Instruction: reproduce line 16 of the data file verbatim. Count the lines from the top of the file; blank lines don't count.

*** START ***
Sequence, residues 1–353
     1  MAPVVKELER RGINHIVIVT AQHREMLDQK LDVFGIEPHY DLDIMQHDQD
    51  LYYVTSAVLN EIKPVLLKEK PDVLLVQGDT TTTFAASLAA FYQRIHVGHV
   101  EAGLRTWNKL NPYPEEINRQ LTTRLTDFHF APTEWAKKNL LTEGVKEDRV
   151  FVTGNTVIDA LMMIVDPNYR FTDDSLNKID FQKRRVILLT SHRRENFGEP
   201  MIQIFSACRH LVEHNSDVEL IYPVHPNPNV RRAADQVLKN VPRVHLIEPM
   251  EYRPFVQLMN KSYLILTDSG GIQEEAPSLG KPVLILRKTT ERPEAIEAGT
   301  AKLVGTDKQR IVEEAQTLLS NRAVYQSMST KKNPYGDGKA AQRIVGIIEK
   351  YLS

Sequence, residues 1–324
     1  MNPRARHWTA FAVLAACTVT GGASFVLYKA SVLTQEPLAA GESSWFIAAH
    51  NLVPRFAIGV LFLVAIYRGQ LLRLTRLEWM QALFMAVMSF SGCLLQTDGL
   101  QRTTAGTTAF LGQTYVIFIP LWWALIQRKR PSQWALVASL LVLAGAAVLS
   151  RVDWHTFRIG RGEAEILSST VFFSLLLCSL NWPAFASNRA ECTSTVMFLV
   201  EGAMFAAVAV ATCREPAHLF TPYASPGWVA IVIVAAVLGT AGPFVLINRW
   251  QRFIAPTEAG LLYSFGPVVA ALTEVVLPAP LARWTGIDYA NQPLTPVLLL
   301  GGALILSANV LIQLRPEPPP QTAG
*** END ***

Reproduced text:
   251  QRFIAPTEAG LLYSFGPVVA ALTEVVLPAP LARWTGIDYA NQPLTPVLLL